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LETTER TO EDITOR
Year : 2022  |  Volume : 27  |  Issue : 1  |  Page : 82

Sharing medical adherence responsibilities together: An approach for promoting responsibility and solidarity in human immunodeficiency virus serodiscordant couples


1 Department of Midwifery, School of Nursing and Midwifery, Mashhad University of Medical Sciences, Mashhad, Iran
2 Department of Midwifery, School of Nursing and Midwifery; Nursing and Midwifery Care Research Center, Mashhad University of Medical Sciences, Mashhad, Iran

Date of Submission02-Feb-2021
Date of Decision26-Apr-2021
Date of Acceptance04-Oct-2021
Date of Web Publication25-Jan-2022

Correspondence Address:
Prof. Robab Latifnejad Roudsari
Nursing and Midwifery Care Research Center, Mashhad University of Medical Sciences, Mashhad
Iran
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Source of Support: None, Conflict of Interest: None


DOI: 10.4103/ijnmr.ijnmr_19_21

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How to cite this article:
ML, Roudsari RL. Sharing medical adherence responsibilities together: An approach for promoting responsibility and solidarity in human immunodeficiency virus serodiscordant couples. Iranian J Nursing Midwifery Res 2022;27:82

How to cite this URL:
ML, Roudsari RL. Sharing medical adherence responsibilities together: An approach for promoting responsibility and solidarity in human immunodeficiency virus serodiscordant couples. Iranian J Nursing Midwifery Res [serial online] 2022 [cited 2022 Dec 7];27:82. Available from: https://www.ijnmrjournal.net/text.asp?2022/27/1/82/336433



Dear Editor,

The Human Immunodeficiency Virus (HIV) serodiscordant relationship refers to mixed-status and condition in which one of the partners is HIV positive, while the other is HIV negative. It is anticipated that 75% and 37% of serodiscordant couples are living in countries with low and high HIV prevalence, respectively. They play a significant role in preserving the global HIV epidemic through sexual contacts.[1] There is a strong tendency towards conducting studies on HIV prevention that address couples as a unit for changing behaviors and interventions.[2],[3] There are two general strategies of service delivery in serodiscordant couples, including biobehavioral and biomedical categories, with emphasis on couple-based strategies.[3] SMART Couples, which stands for Sharing Medical Adherence Responsibilities Together, is a biobehavioral and couple-based approach for discordant couples with inadequate medication adherence in the HIV-positive partner. This approach educates couples about the significance of compliance to reduce viral resistance. The intervention involves cognitive-behavioral elements to identify barriers, promote healthy behaviors, and employing problem-solving techniques to identify and address adherence barriers.[4] Training on the importance of adherence to prevent viral resistance, health maintenance, recognition of non-adherence patterns, and increasing mutual social support for good health outcomes are core components of it. SMART Couples sessions for partners are better provided by a certified social worker or therapist, HIV case manager, health educator, or a nurse with experience of dealing with a dyad couple.[4],[5]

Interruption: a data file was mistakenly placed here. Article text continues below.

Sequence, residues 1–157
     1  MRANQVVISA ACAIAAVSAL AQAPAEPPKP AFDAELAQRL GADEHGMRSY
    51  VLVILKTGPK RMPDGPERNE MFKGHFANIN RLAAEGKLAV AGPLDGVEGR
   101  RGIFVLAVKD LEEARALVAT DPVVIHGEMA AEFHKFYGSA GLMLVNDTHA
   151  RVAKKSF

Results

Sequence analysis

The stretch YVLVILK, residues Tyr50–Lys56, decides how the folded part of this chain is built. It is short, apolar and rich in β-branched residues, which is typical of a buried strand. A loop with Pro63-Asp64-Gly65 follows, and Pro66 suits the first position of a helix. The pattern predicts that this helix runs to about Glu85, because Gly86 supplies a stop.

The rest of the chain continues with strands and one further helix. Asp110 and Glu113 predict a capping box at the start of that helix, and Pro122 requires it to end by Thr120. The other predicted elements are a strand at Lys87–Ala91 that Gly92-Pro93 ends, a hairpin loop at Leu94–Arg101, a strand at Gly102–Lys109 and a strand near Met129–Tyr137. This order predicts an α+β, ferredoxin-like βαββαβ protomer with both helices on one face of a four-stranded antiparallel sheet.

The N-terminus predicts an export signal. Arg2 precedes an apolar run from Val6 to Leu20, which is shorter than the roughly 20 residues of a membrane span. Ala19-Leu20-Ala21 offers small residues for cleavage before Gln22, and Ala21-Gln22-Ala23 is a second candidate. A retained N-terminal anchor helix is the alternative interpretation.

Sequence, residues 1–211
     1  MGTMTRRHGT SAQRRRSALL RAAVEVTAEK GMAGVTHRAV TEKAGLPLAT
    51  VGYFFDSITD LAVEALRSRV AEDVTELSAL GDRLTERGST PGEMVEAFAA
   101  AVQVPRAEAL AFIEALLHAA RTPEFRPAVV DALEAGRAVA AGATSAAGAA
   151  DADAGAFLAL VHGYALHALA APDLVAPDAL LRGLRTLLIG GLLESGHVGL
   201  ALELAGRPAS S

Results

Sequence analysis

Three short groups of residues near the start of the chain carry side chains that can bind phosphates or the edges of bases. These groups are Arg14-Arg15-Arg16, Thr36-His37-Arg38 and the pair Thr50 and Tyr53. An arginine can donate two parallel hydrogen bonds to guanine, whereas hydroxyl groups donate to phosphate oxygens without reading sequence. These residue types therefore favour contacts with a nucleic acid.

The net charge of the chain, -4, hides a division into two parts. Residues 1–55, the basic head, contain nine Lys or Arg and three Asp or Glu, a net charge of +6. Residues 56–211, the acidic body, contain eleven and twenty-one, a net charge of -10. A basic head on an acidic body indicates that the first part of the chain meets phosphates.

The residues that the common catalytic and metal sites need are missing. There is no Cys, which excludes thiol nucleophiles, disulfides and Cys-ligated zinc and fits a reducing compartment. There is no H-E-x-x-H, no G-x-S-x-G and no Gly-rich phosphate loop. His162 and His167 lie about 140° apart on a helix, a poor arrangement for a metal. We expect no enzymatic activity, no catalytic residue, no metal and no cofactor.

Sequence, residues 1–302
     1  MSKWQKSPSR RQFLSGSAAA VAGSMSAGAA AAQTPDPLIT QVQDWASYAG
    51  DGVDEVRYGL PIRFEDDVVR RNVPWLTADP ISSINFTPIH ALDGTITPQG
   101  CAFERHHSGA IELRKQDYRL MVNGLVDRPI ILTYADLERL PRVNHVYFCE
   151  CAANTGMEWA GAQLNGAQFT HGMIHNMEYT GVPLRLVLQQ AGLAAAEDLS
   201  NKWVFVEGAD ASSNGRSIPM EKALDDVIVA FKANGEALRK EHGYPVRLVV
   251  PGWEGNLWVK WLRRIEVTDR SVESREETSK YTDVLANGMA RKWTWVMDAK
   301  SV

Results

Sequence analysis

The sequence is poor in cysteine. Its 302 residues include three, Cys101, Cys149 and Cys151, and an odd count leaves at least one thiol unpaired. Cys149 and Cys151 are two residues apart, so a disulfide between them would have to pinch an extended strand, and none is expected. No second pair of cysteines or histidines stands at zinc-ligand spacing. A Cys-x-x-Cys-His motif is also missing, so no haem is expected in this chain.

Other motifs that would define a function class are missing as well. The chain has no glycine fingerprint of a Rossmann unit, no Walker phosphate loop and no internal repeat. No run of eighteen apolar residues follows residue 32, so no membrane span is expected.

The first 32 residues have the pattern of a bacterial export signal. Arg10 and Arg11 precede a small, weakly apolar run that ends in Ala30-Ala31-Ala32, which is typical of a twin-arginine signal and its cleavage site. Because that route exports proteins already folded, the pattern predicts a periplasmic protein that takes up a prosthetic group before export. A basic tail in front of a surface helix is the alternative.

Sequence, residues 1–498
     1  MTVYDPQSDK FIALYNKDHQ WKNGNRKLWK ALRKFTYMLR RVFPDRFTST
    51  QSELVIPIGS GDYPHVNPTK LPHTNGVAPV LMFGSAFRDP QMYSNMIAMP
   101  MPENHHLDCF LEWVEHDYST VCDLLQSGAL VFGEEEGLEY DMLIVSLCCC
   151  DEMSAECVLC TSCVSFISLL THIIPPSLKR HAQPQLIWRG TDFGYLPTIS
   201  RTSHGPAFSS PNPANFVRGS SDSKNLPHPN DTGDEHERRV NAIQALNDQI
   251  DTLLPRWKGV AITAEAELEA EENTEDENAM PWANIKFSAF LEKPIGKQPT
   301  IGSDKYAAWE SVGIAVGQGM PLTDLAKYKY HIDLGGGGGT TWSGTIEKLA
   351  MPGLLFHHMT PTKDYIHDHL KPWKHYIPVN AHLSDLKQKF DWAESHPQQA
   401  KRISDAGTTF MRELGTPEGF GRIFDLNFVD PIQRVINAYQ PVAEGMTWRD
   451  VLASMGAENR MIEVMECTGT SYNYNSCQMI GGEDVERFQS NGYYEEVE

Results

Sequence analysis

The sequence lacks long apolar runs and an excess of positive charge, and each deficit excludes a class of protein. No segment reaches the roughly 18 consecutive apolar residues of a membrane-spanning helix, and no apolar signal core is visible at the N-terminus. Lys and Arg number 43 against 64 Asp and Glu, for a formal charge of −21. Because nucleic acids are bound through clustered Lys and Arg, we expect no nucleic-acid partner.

The couple-based approaches in the service delivery process that emphasize healthy lifestyles, behavioral changes, and mutual supports can have positive consequences for the individual, newborn, family, and community. These approaches provide a context for couples to recognize their mutual responsibility to protect each other from transmitting HIV and to maintain each other's health. It also creates a safe environment to discuss sensitive issues such as sexual relationships using negotiation skills. It should be noted that for the effective implementation of couple-based approaches in real-world contexts, a cultural shift from focusing on individuals to dyad couples is needed, as well as the emphasis on addressing existing organizational and financial barriers.

Financial Support and Sponsorship

Research Deputy, Mashhad University of Medical Sciences, Mashhad, Iran

Conflicts of Interest

Nothing to declare.



 
  References Top

1.
Larki M, Bahri N, Moghri J, Latifnejad Roudsari R. Living with discordance: A qualitative description of the challenges faced by HIV negative married women. Int J Community Based Nurs Midwifery 2020;8:103-15.  Back to cited text no. 1
    
2.
El-Bassel N, Wechsberg WM. Couple-based behavioral HIV interventions: Placing HIV risk-reduction responsibility and agency on the female and male dyad. Couple Family Psychol 2012;1:94.  Back to cited text no. 2
    
3.
Jiwatram-Negrón T, El-Bassel N. Systematic review of couple-based HIV intervention and prevention studies: Advantages, gaps, and future directions. AIDS Behav 2014;18:1864-87.  Back to cited text no. 3
    
4.
CDC. Sharing Medical Adherence Responsibilities Together. 2020. Available from: https://www.cdc.gov/hiv/pdf/research/interventionresearch/compendium/ma/cdc-hiv-smartcouples_ma_good.pdf. [Last accessed on 2020 Nov].  Back to cited text no. 4
    
5.
Remien RH, Stirratt MJ, Dolezal C, Dognin JS, Wagner GJ, Carballo-Dieguez A, et al. Couple-focused support to improve HIV medication adherence: A randomized controlled trial. Aids 2005;19:807-14.  Back to cited text no. 5
    




 

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